Red Hot Patriot: The Kick-Ass Wit of Molly Ivins, by Margaret Engel and Allison Engel. Directed by Jenna Ware.
Reviewed by J. Peter Bergman
"When people laugh they open their ears, and they hear."
Raised in Texas, died in Texas. That could encompass the life of Molly Ivins if she had not intruded on our national conscience through her skillful reportage, her brilliant and observant mind and her fine-old Texas-style use of humor and gall in calling a spade a spade and not meaning a black person.
After dubbing the recent President from Texas, during his former life as a Texas Governor "Shrub" she commented on his role in Federal politics "however you put it, George W. Bush is a wholly owned subsidiary of corporate America." It was that sort of incisive and deliberate political writing that endeared Ivins to Americans well outside of her Texas haunts.
In a new play about the reporter and columnist, Red Hot Patriot, we meet the woman herself toward the very end of her life. She is at her desk in the newspaper office trying to write a column about her father, a man whom she has been unable to fathom for her entire life. She has gotten down three sentences and is stumbling about the rest of it. A cancer survivor herself, she is being assaulted by news stories from her own personal history on the AP machine and each one inspires her chatter. It isnít until late in the one-act, 93 minute play that she realizes the awful truth about her own status. She has died. Even this doesnít stop her from laying down a few more insightful remarks and that, it seems to me, is true Molly Ivins.
In this production, well directed by Jenna Ware on the Elayne P. Bernstein stage at Shakespeare and Company in Lenox, MA, Molly is played by company founder and goddess Tina Packer. It is hard to be too critical of Packer who is a good actress who somewhat sacrificed that side of her career to run a large company that has given so much back to the community over the years. Her appearances in other works, recently, has helped to reinstate the actress-side of her work and her venturing into a character so completely American as Ivins is a risk a good actress should take on with panache. I cannot quibble too much with her accent. British overtakes Texan and the peculiarities of both coming out of one mouth is the result. You get used to the oddness of it quickly and the words she spouts take precedence. Thatís all you need to know about that aspect of her work.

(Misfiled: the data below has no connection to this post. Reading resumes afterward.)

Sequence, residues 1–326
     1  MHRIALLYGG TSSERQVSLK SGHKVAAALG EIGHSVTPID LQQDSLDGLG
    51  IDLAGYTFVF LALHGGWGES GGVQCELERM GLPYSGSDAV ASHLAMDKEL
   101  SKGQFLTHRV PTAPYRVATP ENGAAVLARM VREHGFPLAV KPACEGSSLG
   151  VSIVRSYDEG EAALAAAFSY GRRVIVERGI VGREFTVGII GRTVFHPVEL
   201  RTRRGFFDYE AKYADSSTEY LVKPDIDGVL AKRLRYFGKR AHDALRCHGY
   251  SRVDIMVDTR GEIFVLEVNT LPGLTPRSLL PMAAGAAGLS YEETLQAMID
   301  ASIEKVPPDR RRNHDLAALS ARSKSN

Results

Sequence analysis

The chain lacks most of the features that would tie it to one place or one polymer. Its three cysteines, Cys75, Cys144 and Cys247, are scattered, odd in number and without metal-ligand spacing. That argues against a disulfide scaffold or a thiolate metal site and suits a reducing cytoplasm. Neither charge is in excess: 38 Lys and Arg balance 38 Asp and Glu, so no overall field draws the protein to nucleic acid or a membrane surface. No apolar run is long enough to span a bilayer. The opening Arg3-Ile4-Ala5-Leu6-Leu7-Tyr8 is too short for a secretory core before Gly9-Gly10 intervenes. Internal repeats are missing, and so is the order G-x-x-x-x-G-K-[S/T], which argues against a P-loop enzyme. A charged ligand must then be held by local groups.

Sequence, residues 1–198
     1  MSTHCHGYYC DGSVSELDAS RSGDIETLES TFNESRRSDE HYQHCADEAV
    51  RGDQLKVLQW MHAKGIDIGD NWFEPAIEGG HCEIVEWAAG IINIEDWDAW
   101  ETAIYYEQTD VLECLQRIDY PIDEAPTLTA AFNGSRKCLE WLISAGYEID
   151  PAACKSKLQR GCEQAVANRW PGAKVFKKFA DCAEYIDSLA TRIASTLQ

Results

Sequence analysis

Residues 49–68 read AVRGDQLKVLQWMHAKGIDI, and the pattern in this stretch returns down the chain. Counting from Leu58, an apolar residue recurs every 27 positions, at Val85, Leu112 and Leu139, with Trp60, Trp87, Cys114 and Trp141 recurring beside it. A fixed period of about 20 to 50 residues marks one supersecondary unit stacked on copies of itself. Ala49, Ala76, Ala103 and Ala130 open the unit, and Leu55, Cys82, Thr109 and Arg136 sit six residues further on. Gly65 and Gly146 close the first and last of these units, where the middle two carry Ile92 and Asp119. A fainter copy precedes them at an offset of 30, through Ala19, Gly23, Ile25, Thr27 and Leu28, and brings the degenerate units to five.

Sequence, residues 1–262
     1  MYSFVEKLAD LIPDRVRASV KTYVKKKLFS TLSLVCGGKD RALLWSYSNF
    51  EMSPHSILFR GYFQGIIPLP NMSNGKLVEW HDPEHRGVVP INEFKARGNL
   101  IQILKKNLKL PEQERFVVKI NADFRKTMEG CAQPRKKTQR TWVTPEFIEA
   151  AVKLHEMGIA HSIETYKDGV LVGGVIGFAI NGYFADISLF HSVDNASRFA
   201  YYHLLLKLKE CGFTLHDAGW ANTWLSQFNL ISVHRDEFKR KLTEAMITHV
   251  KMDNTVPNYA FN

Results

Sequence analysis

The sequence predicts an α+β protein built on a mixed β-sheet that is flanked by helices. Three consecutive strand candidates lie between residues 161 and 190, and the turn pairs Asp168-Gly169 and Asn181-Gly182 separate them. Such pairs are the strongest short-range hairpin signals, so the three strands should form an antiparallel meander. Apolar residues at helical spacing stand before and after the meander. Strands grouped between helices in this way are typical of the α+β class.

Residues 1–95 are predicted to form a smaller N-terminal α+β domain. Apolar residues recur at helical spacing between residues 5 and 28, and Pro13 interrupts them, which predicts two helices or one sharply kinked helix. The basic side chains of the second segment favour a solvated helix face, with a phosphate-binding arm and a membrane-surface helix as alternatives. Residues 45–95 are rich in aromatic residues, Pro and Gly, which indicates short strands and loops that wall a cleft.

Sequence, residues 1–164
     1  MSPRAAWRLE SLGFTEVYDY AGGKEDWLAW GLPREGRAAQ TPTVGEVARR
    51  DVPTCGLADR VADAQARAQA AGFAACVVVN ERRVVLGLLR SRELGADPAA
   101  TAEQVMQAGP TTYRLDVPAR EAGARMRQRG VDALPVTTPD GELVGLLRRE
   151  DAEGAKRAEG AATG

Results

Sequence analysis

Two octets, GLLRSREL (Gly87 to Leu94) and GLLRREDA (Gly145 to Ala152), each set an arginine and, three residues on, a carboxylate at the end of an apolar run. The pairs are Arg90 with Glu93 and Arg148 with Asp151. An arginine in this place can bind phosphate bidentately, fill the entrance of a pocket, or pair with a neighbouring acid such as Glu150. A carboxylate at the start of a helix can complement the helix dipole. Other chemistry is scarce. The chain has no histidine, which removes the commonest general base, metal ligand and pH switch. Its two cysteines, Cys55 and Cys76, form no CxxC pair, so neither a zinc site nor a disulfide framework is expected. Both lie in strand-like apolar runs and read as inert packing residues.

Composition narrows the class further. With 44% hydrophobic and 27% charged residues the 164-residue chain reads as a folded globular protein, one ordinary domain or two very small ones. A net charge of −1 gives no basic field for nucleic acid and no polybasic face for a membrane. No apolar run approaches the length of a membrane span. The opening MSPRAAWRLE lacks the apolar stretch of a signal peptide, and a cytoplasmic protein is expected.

In the attitude of the character she really ranks supreme. Her Molly has the swagger and joie that the real Ivins had. Her laughter is on target and her anger is imbued with the spirit of the real woman. She moves through the survey of Ivinsí life as though truly reminiscing and not acting and that alone is a triumphant combination of talents. Packer gives the impression of having disappeared into Ivins and on those rare occasions when the actress is visible it really doesnít matter for it seems as though Molly has taken a deep breath, stepped back to take a look at herself and then decided to continue as though nothing has happened.
"Hate has taken over the conversation," she comments at one point in an open discussion about the state of American politics. It is a point of departure for the witty woman who turns the humorous tale of her life and her work into a personal polemic that is so real and genuine it almost becomes frightening. Therefore, be warned: you may find yourself challenged there in your seat in the audience. Molly Ivins, dead since 2007, may still be finding you out and holding you accountable for your thoughts, feelings and actions. When the play takes this turn, it is as though all hell has broken loose in the newsroom in Texas and, as with Hurricane Irene which was storming her way up the coast on the night I saw this play, you may find devastation all around you.
A comic diversion from the wit and wisdom of Ivins is provided in the semi-silent addition of a copy-boy who appears from time to time to provide Ivins with the latest Associated Press updates. He is played with style and humor by Harrison Wilken and his "heavenly messenger" is a fascinating aspect of the last fifteen minutes of the play.
This is a limited run and Packer is worth the time and effort of getting to Lenox to see the show. I didnít realize how much Iíve missed the commentary of Molly Ivins until I sat down to watch Packer in this play. What I know, now, is how pertinent she was and still is. Thatís all there is to say.
..is it Tina Packer; photo: Kevin Sprague
Red Hot Patriot plays in repertory at the Elayne P. Bernstein Theatre at Shakespeare and Company on Kemble Street in Lenox, MA through September 4. For information and tickets go to their website at www.shakespeare.org or call the box office at 413-637-3353.